I have specified swai fillets, but any firm, mild fish will be wonderful. Here are some examples: Tilapia, cod, flounder, snapper, etc.
A "pan-fried" fish fillet with subtle Asian flavors...
15 minPrep Time
6 minCook Time
21 minTotal Time
- 2 tbsp. canola or vegetable oil
- 1 tbsp. sesame oil
- 4 swai fillets, 1 1/2 - 2 pounds total
- 1 1/2 - 2 cups flour for dredging
- 2 eggs, whisked
- 1/2 cup milk
- 2 cups panko bread crumbs
- 1/4 cup sesame seeds, toasted in a dry skillet
- 1/2 teaspoon sea salt*
- 1/8 teaspoon fresh ground pepper*
Set up an "assembly line" for your fish fillets.
Farthest from stove: fish fillets
Next: flour for dredging
Then: eggs and milk whisked together.
Last: panko, sesame, salt, and pepper - stirred well with a fork to combine.
In a large saute pan or skillet, heat the 2 oils to medium-high heat. Be careful to not burn it. I use a silicone brush to spread the oil around the pan, as I use as little as possible. Add a little more if desired, but stick to the 2:1 ratio as sesame oil burns easily.
When the pan is hot but not smoking, take a fillet and press it into the flour. Turn it over, and repeat.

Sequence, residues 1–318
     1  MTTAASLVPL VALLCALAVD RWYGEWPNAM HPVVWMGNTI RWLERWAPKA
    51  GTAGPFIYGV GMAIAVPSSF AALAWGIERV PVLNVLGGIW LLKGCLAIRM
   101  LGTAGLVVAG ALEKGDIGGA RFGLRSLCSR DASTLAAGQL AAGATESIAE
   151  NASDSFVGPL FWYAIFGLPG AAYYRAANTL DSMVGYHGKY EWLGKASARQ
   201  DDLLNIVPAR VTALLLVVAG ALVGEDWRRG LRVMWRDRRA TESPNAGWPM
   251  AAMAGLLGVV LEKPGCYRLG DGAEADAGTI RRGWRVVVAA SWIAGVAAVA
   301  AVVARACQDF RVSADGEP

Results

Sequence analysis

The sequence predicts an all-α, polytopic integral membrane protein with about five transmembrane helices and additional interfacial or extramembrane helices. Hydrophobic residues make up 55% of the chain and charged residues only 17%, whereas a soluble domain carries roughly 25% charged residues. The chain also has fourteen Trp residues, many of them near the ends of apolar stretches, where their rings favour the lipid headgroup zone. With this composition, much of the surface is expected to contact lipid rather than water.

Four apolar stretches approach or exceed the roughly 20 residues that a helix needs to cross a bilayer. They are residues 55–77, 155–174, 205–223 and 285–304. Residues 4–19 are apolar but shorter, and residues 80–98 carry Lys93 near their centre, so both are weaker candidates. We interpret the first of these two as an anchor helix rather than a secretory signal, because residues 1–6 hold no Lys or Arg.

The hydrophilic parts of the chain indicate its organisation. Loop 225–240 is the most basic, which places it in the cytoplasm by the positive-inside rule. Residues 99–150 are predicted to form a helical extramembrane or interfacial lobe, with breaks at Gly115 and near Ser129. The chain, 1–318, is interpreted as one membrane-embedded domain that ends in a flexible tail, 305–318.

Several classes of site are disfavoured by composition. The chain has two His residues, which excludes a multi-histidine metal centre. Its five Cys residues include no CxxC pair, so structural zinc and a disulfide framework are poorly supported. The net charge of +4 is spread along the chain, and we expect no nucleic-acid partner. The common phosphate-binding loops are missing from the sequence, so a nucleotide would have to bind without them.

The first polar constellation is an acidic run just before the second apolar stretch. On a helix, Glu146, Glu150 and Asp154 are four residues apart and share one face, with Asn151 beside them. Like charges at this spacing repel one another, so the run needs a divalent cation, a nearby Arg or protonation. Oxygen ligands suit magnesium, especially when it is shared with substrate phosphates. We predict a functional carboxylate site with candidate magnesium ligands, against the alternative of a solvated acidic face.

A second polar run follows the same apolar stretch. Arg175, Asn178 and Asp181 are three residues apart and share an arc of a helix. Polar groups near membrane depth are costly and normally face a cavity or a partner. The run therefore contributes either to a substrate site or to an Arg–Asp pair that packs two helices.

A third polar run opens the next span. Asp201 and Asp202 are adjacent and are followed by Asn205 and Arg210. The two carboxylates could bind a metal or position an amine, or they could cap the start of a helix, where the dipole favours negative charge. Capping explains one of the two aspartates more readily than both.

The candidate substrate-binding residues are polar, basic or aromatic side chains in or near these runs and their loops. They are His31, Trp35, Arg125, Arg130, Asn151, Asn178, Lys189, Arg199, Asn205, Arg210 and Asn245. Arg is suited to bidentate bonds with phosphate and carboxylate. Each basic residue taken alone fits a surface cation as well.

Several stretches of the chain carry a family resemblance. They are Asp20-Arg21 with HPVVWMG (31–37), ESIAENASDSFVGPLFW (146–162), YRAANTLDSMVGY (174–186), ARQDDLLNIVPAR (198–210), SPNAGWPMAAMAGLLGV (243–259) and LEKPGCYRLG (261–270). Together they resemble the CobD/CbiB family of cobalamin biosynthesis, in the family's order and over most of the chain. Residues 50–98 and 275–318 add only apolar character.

Next, dip both sides of the fish in the egg wash.
Lastly, press firmly into the crumbs mixture on both sides. Coat the fish as evenly as possible.
Add the well-coated fillet to the pan. Repeat with the remaining 3 fillets. Work quickly to finish getting them all into the pan.
Carefully lift the edge of the first fillet to check for a nice, golden-brown crust using a thin, large spatula. Turn the fish. Repeat with remaining fillets.
When the fish is golden brown on both sides, remove, and serve immediately.
*Season to taste.
It is hard to give a specific amount of time on each side due to the fact that fish fillets vary in size and thickness. My swai fillets typically take about 3 minutes on each side.
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